R(eactive)Socket: Bootified

Srinivasa Vasu
Jun 28 · 6 min read

Reactive Socket popularly known as RSocket is a binary protocol for use on byte stream transports such as TCP, WebSockets, Http/2 and Aeron.

It enables the following interaction models via reactive semantics over a single network connection:

  • request →← response
  • request →←← stream
  • request channel →→←→←
  • fire and forget →!

In this blog, we shall look at how to create a consumer/publisher interaction based on the above four interactive models using Spring Boot WebFlux. Spring Boot abstracts away the complexity of dealing with lower level RSocket APIs with its well know annotation driven declarative programming model.


To get started, head to Spring Initializer page, select 2.2.0 M4 milestone that has support for RSocket to generate consumer and publisher code bits. Follow the below instructions to generate the code bits.

rsocket-server

  • Select the following dependencies and download the project to your local environment,
  • And the maven pom would be like,
<dependencies>
<dependency>
<groupId>org.springframework.boot</groupId>
<artifactId>spring-boot-starter-rsocket</artifactId>
</dependency>
<dependency>
<groupId>org.springframework.boot</groupId>
<artifactId>spring-boot-configuration-processor</artifactId>
<optional>true</optional>
</dependency>
<dependency>
<groupId>org.projectlombok</groupId>
<artifactId>lombok</artifactId>
<optional>true</optional>
</dependency>
<dependency>
<groupId>org.springframework.boot</groupId>
<artifactId>spring-boot-starter-test</artifactId>
<scope>test</scope>
<exclusions>
<exclusion>
<groupId>org.junit.vintage</groupId>
<artifactId>junit-vintage-engine</artifactId>
</exclusion>
<exclusion>
<groupId>junit</groupId>
<artifactId>junit</artifactId>
</exclusion>
</exclusions>
</dependency>
<dependency>
<groupId>io.projectreactor</groupId>
<artifactId>reactor-test</artifactId>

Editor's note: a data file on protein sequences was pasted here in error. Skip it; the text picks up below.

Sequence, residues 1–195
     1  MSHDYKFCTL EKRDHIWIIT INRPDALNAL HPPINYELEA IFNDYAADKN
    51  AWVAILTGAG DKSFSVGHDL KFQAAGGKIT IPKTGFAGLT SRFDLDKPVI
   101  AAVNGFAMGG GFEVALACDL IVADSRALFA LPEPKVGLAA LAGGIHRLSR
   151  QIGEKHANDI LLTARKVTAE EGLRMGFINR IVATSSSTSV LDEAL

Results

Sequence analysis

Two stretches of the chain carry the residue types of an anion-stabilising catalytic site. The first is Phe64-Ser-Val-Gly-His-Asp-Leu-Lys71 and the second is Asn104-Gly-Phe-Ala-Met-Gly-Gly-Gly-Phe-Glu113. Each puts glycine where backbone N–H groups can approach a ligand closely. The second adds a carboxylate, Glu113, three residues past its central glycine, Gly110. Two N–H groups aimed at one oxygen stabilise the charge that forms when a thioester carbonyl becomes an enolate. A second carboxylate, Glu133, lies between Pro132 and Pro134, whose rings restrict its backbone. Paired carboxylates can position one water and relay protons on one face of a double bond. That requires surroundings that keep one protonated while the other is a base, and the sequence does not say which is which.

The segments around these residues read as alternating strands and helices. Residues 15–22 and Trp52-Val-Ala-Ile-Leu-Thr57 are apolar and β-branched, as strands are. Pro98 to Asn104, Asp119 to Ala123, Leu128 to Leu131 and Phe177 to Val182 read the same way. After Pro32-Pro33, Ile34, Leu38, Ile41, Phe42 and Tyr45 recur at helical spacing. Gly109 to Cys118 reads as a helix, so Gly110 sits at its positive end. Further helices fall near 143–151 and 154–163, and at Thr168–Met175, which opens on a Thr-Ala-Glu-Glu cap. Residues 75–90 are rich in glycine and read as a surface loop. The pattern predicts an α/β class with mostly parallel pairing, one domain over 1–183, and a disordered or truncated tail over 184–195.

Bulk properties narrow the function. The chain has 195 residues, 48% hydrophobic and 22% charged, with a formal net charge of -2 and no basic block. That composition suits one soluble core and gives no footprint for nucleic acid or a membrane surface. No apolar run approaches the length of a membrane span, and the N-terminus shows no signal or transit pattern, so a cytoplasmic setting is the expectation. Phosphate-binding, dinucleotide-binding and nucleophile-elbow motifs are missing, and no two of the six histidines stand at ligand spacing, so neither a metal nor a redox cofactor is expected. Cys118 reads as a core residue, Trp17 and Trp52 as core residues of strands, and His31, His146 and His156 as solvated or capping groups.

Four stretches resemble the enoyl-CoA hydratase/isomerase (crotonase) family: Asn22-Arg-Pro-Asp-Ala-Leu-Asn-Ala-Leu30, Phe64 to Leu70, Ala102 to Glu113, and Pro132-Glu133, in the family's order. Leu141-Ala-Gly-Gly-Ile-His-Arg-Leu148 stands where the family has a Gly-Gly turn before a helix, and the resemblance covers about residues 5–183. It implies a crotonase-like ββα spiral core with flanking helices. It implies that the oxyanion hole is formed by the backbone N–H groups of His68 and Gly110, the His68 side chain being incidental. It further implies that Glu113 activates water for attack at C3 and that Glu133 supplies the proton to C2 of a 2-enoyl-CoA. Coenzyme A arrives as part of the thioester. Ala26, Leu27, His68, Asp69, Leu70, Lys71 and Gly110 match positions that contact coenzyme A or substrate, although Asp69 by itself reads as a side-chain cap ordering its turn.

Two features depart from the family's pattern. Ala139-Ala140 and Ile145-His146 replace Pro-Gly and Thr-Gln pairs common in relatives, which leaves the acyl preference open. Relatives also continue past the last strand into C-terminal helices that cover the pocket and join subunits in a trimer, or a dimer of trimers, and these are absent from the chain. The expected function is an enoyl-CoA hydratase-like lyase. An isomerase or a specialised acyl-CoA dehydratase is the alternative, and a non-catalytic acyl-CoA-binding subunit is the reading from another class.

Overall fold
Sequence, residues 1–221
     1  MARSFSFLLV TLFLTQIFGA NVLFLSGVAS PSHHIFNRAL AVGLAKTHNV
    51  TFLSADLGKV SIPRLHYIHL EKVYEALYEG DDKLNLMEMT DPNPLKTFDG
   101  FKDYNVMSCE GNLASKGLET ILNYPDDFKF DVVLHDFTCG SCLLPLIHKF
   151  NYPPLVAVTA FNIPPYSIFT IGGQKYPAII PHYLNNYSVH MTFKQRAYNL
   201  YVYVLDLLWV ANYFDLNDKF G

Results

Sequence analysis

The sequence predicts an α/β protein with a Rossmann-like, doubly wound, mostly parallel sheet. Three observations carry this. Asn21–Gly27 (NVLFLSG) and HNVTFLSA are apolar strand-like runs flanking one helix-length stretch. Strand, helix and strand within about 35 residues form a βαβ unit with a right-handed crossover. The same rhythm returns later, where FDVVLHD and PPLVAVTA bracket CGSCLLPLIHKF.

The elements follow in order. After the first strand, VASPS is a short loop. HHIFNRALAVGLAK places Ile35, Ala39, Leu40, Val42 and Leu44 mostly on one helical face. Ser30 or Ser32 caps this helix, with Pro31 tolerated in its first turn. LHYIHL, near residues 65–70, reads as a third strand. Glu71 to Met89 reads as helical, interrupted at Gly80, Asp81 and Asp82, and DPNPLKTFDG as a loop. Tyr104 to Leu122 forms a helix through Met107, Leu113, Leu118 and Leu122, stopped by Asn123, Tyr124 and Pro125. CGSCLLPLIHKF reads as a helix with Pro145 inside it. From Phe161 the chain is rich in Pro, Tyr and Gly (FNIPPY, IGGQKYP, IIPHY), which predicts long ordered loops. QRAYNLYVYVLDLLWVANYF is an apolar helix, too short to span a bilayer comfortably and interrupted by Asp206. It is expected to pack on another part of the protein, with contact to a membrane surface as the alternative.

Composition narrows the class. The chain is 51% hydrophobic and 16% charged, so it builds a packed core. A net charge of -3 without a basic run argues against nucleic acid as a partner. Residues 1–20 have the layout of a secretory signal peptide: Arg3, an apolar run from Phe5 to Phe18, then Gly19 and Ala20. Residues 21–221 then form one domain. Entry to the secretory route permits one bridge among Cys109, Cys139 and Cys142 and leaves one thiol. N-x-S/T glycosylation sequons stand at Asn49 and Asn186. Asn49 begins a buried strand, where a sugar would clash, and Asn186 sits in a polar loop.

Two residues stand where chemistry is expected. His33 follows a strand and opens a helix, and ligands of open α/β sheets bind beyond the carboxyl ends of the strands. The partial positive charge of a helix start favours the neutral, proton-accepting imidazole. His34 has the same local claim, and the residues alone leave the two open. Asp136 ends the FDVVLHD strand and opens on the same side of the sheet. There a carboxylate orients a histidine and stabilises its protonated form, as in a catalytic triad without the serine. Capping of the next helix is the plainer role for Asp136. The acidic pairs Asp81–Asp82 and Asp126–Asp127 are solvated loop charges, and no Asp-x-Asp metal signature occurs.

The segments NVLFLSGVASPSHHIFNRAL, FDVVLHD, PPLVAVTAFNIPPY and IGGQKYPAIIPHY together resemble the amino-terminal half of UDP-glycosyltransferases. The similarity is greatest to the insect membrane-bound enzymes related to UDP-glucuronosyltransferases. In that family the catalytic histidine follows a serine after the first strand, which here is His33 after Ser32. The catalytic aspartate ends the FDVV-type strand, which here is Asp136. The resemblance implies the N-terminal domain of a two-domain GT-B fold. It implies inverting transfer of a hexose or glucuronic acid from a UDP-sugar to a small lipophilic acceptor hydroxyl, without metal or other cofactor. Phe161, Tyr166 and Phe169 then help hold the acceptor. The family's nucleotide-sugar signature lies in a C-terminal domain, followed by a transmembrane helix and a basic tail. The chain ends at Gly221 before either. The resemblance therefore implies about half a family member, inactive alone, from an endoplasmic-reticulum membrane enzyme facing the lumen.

<scope>test</scope>
</dependency>
</dependencies>

spring-boot-starter-rsocket will automatically pull in the core RSocket dependencies.

Next, to bootstrap an RSocket server using Spring Boot, mention the server port and transport (optional) in the property file (application.properties/yaml)

spring:
rsocket:
server:
port: 8000

With this Spring Boot auto-configures the RSocket server for us. Start the boot application and you would have the Netty server up and running at port 8000. The output would look similar to this,

Let’s set-up the client consumer service,

rsocket-client

  • Select the following dependencies and download the project to your local environment,
  • And the maven pom would be like,
<dependency>
<groupId>org.springframework.boot</groupId>
<artifactId>spring-boot-starter-rsocket</artifactId>
</dependency>
<dependency>
<groupId>org.springframework.boot</groupId>
<artifactId>spring-boot-starter-webflux</artifactId>
</dependency>
<dependency>
<groupId>org.springframework.boot</groupId>
<artifactId>spring-boot-devtools</artifactId>
<scope>runtime</scope>
<optional>true</optional>
</dependency>
<dependency>
<groupId>org.projectlombok</groupId>
<artifactId>lombok</artifactId>
<optional>true</optional>
</dependency>

Much similar to server side configuration, Spring Boot does the heavy lifting on client side as well, but in this case we should define the client config bean explicitly.

@Bean
RSocketRequester requester(RSocketStrategies strategies) throws URISyntaxException {
return RSocketRequester.builder().rsocketStrategies(strategies)
.rsocketFactory(factory -> {
factory.dataMimeType(MimeTypeUtils.ALL_VALUE)
.frameDecoder(PayloadDecoder.ZERO_COPY);